Much like at present, taxes would be calculated based on a car's rated economy as revealed by standardized tests, the results of which could be disclosed at the point of sale, over websites, by telephone hotline, etc. This approach would mitigate the distorting pressures that stepped thresholds create, and allow for a more precise sorting of costs and benefits by each auto maker and buyer.


I certainly favour your second option over the current system which just doesn't have the banding and rates set right.

But ideally I'd like to see a variable tax on every litre of fuel bought. If an A band was charged say 80p per litre and a G band was charged £1.10 per litre it would lift CO2 emissions to close to the top of your decisions when buying a car.

It'd doubtless be tricky to implement but it would rapidly drive people towards cleaner cars and driving less.


Some interesting problems here - which is the best way to get people into less polluting cars with tax:

Do you have bands or a smooth scale (based on co2/km say)?
What level does the tax have to be at to have effect.

We have much higher road tax rates in Ireland (approx 700 euros for a 2.2L Espace) AND a purchase tax of 22 - 30% based on engine size (30% after 1.9L engine displacement) and the place is still full of SUVs.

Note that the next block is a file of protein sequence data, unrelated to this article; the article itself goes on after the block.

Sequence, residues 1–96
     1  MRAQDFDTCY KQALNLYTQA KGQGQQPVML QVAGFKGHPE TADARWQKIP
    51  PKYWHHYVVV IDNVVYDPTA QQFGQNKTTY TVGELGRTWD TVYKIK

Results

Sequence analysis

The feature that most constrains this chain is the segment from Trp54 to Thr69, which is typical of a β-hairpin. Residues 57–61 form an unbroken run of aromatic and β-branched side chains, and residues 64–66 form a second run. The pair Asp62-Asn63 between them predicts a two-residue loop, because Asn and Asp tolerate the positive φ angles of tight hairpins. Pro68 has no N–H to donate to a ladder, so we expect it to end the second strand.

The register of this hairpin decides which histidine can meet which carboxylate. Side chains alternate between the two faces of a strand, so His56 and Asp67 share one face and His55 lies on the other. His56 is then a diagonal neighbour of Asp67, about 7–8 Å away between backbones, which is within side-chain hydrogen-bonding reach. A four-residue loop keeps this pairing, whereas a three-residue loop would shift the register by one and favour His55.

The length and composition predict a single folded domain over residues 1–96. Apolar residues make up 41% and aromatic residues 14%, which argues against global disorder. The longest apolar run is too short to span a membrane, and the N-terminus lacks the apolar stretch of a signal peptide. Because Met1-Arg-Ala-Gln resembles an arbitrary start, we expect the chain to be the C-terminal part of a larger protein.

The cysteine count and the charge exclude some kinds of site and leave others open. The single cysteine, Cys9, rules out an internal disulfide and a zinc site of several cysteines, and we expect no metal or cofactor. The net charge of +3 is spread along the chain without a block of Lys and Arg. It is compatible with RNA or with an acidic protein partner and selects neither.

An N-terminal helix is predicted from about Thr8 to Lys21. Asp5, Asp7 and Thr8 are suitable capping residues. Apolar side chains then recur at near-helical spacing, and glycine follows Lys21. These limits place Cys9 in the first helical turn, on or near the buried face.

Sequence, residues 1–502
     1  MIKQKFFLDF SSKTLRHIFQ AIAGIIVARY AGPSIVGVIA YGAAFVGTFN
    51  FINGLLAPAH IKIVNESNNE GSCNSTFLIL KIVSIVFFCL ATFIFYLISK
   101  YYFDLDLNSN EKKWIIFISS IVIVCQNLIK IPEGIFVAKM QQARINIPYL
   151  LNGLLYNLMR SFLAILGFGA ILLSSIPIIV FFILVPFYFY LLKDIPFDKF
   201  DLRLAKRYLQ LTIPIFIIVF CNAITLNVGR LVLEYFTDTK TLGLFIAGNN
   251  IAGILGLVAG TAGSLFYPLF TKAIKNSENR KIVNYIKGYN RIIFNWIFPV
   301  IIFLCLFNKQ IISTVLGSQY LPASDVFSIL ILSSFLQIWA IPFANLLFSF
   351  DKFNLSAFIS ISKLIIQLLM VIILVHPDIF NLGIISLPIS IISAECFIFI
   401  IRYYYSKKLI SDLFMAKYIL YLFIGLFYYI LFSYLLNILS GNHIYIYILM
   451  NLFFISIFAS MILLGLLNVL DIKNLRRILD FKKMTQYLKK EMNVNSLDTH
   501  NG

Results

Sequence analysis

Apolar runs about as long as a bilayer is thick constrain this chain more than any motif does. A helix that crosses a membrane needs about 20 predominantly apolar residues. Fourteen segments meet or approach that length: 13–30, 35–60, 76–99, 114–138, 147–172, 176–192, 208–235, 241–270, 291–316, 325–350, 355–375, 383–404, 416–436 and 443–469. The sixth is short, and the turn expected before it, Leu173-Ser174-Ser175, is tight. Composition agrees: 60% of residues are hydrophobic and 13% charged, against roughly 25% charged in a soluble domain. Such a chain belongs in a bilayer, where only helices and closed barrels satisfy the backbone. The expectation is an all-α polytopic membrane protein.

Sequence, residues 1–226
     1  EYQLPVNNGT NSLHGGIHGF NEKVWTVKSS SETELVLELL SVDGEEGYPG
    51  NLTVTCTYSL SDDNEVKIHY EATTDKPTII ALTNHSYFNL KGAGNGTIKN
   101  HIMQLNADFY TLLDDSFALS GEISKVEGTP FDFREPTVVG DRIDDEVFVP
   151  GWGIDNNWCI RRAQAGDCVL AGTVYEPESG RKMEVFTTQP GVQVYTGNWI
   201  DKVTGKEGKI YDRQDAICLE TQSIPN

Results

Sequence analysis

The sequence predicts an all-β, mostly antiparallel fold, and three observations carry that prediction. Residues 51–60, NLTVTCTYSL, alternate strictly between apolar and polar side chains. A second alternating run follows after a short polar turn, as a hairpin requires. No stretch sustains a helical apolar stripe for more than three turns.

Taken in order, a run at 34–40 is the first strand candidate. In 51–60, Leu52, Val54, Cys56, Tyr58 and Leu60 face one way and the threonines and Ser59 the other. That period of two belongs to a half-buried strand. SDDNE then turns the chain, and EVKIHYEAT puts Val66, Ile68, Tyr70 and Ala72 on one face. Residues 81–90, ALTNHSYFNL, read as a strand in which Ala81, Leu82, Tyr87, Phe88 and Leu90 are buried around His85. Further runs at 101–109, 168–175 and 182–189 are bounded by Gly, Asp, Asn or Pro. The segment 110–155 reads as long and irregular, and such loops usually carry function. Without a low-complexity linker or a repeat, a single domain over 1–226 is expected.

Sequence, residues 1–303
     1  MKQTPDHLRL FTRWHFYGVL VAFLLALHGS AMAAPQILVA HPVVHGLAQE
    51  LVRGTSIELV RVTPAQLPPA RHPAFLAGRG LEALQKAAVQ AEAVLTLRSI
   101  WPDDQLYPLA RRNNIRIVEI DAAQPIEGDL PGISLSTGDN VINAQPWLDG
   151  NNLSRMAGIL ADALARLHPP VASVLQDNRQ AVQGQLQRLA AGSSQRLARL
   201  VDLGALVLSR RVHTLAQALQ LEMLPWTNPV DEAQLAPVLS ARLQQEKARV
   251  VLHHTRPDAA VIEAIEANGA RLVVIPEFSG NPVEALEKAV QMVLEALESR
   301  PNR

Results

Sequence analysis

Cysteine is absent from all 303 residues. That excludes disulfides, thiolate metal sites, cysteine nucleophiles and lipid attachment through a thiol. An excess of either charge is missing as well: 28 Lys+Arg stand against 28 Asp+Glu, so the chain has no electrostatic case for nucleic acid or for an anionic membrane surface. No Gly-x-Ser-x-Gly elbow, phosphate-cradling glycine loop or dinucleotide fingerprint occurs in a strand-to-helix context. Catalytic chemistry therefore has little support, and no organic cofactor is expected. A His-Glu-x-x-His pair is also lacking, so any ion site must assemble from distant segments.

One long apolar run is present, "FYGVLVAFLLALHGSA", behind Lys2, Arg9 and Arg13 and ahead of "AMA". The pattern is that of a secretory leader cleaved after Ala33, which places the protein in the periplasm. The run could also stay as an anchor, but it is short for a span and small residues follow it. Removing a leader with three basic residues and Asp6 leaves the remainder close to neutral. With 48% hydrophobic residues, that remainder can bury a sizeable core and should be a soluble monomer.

People need them for the ramps in Tesco.

I am in favour of a purchase tax like ours, with the percentage = (say) the gms of co2/7 as a rate, applied to the price of the car.

It is a kind of up front carbon tax.


The problem with banded annual CO2 taxes, is that they amount to a revenue ownership tax, regardless of whether people drive 5,000 miles or 25,000 miles per year. It doesn’t distinguish between the luxury car owner that is happy to take public transport to work and uses the car only for occasional weekend trips, or the average commuter who racks up galactic mileage.

Increasing fuel taxes is not a good alternative. They were increased as a “carbon tax” in the UK from 1992-2000. Despite a further ramping up of fuel prices from global oil price rises, this hasn’t dented demand for luxury vehicles. At the same time people on low incomes in rural areas who may already run relative lower carbon emitting cars are affected disproportionately more, as a much higher and increasing percentage of their income has to be devoted to higher fuel costs, let alone annual car ownership taxes.